A Bad Omen for Earnings Season?
One of the stronger long-term stocks has sharply lowered its guidance, which means we could see a rash of it over the next few weeks, writes MoneyShow’s Jim Jubak, also of Jubak’s Picks.
This is what I’m afraid second-quarter earnings season is going to look like for even the best of companies: today, Cummins (CMI) lowered its guidance for second-quarter revenue to $4.45 billion. The Wall Street consensus was $5.07 billion in revenue before the announcement.
For the full 2012 year, the company said it now expects that revenue will be flat with 2011. The company had hung tough until today, saying previously that it expected revenue to grow 10% in 2012 from last year.
The stock was down 3.8% on the news as of 1:30 p.m. New York time. Shares of Cummins, a member of my Jubak’s Picks 12-18 month portfolio, are now down 28% from their March 19 high.
At the same time that it announced this bad news, the company did report that it would raise its quarterly dividend by 25%, to 50 cents from 40 cents a share. The dividend, equivalent to an annual yield of 2.16%, is payable on September 1 to shareholders of record on August 22. The company is scheduled to report earnings on July 31.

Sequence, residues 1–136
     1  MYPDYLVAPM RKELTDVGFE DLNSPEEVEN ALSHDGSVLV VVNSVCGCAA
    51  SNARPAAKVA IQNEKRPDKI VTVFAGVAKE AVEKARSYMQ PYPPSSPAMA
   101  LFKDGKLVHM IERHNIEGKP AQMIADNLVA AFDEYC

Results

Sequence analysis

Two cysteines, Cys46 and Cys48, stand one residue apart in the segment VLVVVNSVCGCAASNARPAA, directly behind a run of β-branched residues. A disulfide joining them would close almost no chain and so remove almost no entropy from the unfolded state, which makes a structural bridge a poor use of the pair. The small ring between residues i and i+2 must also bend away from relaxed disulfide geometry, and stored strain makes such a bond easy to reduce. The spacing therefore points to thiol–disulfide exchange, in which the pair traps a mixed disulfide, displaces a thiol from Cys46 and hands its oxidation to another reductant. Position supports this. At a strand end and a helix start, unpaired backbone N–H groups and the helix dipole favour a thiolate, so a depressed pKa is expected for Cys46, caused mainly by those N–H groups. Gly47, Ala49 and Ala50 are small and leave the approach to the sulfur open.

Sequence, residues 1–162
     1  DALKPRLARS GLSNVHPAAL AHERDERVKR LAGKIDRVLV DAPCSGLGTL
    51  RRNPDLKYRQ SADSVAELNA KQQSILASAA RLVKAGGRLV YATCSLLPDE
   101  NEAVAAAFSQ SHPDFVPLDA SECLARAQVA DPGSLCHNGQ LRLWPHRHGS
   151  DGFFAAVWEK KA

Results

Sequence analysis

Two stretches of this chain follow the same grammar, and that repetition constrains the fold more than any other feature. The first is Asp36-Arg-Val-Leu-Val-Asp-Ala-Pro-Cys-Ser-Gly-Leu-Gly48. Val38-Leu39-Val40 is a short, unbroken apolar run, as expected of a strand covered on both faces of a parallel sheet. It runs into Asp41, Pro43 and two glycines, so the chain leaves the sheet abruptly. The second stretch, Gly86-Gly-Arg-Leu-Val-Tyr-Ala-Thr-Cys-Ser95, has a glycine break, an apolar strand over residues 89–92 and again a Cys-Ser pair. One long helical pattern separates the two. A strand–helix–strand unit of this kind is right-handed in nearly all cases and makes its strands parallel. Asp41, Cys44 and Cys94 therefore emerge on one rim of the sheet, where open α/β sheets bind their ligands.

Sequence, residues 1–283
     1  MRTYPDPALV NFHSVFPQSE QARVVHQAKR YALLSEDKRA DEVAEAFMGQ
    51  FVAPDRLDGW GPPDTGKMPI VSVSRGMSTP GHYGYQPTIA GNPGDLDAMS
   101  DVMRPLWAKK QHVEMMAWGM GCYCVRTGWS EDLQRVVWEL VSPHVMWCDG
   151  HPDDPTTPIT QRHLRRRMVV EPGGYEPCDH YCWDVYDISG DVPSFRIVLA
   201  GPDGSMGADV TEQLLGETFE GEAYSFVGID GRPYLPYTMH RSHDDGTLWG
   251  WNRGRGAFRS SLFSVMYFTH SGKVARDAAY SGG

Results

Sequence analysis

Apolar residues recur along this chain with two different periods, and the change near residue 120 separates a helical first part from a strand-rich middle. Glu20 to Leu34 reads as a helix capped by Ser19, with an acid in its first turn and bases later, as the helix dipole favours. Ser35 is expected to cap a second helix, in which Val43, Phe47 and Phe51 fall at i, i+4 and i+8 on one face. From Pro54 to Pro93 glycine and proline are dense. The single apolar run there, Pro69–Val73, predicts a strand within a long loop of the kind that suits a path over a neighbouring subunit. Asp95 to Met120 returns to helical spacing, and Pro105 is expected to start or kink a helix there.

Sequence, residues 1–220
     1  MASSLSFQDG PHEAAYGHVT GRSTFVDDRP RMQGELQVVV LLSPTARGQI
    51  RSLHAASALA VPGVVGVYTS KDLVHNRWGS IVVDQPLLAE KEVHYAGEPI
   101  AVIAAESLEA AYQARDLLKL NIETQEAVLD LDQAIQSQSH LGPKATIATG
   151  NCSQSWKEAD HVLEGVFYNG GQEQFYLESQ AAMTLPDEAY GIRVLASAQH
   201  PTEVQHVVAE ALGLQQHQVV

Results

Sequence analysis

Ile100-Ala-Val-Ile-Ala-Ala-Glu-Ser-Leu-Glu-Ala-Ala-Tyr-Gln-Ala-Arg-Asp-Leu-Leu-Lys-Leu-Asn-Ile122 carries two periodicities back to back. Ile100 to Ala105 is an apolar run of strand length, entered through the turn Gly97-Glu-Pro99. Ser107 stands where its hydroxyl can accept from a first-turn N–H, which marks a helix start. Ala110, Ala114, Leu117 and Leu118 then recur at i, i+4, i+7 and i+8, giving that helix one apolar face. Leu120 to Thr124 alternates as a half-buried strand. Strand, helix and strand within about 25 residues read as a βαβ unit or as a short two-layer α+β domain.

The problems that Cummins cited in lowering its revenue guidance aren’t anything unexpected to anyone following the slowdown in the global economy—slower than forecast sales trends for trucks and power generation equipment in the United States, Brazil, India, and China; and lower revenues once foreign currencies are translated into an appreciating US dollar.
What is new, however, is management’s admission that Cummins won’t be able to grow sales by 10% in this macro environment. I think we can expect more admissions like that this quarter from companies that had, as of last quarter, thought that they might be able to do OK even against the background of a slowing global economy.
Watch for earnings reports from companies such as Amazon (AMZN), IBM (IBM), Coach (COH), DuPont (DD), McDonald’s (MCD), and Precision Castparts (PCP) to see if even the most stalwart of growth companies are finally lowering guidance for 2012. (If they are, and if they drop on the announcement, you might think about picking up some shares, since the disappointment will take some of the current near-term risk out of the stock.)
Cummins remains one of my favorite long-term holdings, but I think the rest of 2012 could be unkind to the stock. So you could indeed wait before adding to or starting positions.
I’ve had a target of $145 on the shares for October 2012, but I’m reducing that today, July 10, to $130 by July 2013. The schedule depends on stabilizing (but not necessarily improving) economic growth in China and Brazil in the third quarter of 2012.